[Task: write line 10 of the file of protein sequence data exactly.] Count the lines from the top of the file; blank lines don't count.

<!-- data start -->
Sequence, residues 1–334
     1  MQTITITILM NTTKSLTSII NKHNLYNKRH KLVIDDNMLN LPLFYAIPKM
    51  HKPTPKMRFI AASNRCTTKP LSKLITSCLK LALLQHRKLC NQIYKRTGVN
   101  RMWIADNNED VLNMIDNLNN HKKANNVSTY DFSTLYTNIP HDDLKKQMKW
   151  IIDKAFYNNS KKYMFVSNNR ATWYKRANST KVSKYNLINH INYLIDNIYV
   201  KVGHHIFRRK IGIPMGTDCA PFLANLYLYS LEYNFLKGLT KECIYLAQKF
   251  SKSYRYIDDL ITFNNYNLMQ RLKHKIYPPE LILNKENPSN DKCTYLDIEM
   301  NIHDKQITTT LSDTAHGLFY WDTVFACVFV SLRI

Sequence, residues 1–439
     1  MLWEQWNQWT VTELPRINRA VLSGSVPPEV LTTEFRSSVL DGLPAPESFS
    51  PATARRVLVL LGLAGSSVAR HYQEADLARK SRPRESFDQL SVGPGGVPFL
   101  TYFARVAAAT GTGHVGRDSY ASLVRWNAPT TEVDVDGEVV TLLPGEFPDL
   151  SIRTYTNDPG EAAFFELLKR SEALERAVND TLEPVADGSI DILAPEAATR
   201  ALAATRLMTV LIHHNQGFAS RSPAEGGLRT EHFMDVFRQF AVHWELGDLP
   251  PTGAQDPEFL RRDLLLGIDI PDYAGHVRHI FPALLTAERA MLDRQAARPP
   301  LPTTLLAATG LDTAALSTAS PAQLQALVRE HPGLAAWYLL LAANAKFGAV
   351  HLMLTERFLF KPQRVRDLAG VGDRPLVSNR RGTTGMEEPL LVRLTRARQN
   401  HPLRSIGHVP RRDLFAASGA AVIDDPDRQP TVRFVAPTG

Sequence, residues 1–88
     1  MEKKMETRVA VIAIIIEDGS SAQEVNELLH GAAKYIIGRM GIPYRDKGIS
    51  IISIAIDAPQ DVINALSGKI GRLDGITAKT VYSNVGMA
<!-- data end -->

     1  MLWEQWNQWT VTELPRINRA VLSGSVPPEV LTTEFRSSVL DGLPAPESFS